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Sushi poke bowls and other seafood specialties stand to grow in popularity based on recent consumption trends
<p>Sushi, poke bowls and other seafood specialties stand to grow in popularity, based on recent consumption trends.</p>

Seafood demand skips from slump to surge

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At first glance, a 6.2 percent year-over-year increase in U.S. per capita seafood consumption might seem like just another ho-hum government statistic. But operators who menu fish and shellfish have been waiting a long time for seafood demand numbers to improve like this. How long? “It’s the biggest jump of its kind in at least 25 years,” AP reports.

The 2015 per capita seafood consumption number — 15.5 pounds per person, up from 14.6 pounds in 2014 — comes from the National Ocean and Atmospheric Administration's (NOAA) 2015 Fisheries of the United States report.  It’s nowhere near the record for consumption (16.6 pounds per person in 2004). But it does suggest that seafood is on the upswing after experiencing three very weak years: 2012 (14.4 pounds per person); 2013 (14.5); and 2014 (14.6). All were off roughly two pounds per person from just a decade ago.

Increased consumption is good news if you’re a restaurant operator eager to leverage the latest trends. In seafood, that includes do-the-right-thing menu items that include underutilized (i.e., “trash”) fish, locally sourced seafood and species that are sustainably harvested. Hot sellers such as sushi, seafood charcuterie and poke bowls should benefit, too.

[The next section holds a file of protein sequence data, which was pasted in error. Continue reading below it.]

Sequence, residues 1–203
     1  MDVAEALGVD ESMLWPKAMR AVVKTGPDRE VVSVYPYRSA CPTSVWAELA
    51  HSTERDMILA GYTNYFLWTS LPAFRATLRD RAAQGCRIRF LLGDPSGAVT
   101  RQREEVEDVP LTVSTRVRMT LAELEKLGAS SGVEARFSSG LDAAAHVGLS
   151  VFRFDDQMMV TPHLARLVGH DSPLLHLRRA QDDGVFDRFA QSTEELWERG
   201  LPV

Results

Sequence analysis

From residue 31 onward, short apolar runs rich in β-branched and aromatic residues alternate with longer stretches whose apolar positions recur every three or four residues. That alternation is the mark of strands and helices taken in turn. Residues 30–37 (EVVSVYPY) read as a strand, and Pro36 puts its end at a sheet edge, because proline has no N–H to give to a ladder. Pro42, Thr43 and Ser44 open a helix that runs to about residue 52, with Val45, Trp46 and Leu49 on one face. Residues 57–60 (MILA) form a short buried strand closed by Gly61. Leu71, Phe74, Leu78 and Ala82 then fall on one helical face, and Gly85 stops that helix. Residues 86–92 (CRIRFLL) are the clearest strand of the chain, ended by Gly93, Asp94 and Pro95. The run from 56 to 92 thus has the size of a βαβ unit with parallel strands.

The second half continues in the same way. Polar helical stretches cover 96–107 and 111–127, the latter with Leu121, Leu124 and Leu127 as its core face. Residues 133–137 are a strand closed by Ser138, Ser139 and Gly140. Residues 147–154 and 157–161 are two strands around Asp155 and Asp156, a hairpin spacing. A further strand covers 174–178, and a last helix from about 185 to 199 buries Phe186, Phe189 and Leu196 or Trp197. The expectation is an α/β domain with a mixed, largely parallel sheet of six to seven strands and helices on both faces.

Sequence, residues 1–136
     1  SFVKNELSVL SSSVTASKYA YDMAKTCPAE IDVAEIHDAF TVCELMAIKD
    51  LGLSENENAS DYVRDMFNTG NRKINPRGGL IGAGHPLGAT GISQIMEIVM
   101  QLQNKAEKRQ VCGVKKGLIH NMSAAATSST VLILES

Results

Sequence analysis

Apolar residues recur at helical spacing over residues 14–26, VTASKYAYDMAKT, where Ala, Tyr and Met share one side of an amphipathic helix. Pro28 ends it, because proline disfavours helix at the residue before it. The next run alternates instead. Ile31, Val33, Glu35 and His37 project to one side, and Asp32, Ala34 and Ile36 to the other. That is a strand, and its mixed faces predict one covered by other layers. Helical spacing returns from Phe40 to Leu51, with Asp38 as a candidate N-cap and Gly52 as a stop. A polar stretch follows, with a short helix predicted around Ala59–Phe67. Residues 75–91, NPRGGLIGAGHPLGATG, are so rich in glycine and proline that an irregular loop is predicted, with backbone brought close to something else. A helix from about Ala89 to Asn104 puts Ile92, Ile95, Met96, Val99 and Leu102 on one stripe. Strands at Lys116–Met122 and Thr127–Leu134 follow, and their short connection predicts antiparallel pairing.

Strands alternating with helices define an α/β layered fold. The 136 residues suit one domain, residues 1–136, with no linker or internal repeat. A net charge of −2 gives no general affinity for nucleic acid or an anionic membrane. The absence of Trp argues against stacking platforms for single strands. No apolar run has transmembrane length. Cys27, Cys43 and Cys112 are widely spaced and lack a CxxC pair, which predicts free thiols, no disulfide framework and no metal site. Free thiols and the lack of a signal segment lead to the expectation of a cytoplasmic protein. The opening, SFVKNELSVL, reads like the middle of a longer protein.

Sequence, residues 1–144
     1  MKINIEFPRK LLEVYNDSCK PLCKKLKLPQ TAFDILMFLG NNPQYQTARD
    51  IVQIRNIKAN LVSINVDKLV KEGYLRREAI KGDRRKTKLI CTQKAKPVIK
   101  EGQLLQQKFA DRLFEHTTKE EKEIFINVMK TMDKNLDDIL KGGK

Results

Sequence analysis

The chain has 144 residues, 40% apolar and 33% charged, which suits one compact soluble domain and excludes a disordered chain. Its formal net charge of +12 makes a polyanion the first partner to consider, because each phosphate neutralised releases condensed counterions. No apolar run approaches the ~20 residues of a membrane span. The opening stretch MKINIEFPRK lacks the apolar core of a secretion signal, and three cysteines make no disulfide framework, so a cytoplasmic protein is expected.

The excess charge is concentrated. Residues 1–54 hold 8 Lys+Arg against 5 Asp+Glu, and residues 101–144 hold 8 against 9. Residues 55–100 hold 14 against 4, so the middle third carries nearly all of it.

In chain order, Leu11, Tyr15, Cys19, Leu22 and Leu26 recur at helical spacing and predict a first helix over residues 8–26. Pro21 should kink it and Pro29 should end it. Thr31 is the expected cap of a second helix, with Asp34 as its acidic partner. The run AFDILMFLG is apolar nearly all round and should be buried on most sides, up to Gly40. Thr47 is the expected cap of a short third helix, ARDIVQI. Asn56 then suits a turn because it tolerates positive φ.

NOAA isn’t the only federal government agency that tracks U.S. seafood consumption. The U.S. Department of Agriculture does, too, and it wants to see consumers eat a lot more fish and shellfish than they already do.

As the National Fisheries Institute points out, “At a time when Americans are told to limit so many foods, seafood is among the handful of foods Americans are encouraged to eat more often.” It’s a dietitian’s dream: a “nutrient-dense source of protein, low in calories and saturated fat, and rich in key vitamins and nutrients including omega-3 fatty acids, EPA and DHA.” NFI adds.

USDA’s most recent dietary guidelines suggest that annual per person consumption should be much higher than it is. The agency’s specific recommendation is that U.S. adults should eat at least eight ounces of seafood per week. That’s 26 pounds per year — 10-plus pounds more than U.S. consumers currently eat. As far as frequency, estimates are that only one in 10 Americans now eat seafood as often as twice a week.

Which species should restaurant operators menu to tap into this growing demand? No mysteries here. The NFI’s favorite seafood species list makes consumer preferences crystal clear.

Shrimp is the most popular choice (four pounds per capita in 2015), followed by salmon (2.88 pounds per capita) and tuna (2.2 pounds per capita). Down the list from there are tilapia, Alaska pollock, pangasius (one variety a.k.a. basa, another a.k.a. swai), cod, crab, catfish and clams.

These top 10 species account for 14.18 pounds of all U.S. consumption, so you may not wish to stray too far from these consumer favorites. But there are plenty of creative ways to use them. Even a couple of super-easy-to-prepare items — fish tacos and poke bowls — might be a good place to start. They can accommodate multiple types of seafood, are vibrantly flavored and can usually be sold at fast-casual-level price points. That could prove to be a winning combination for many restaurants, even those that don’t necessarily specialize in seafood.

Contact Bob Krummert at [email protected]

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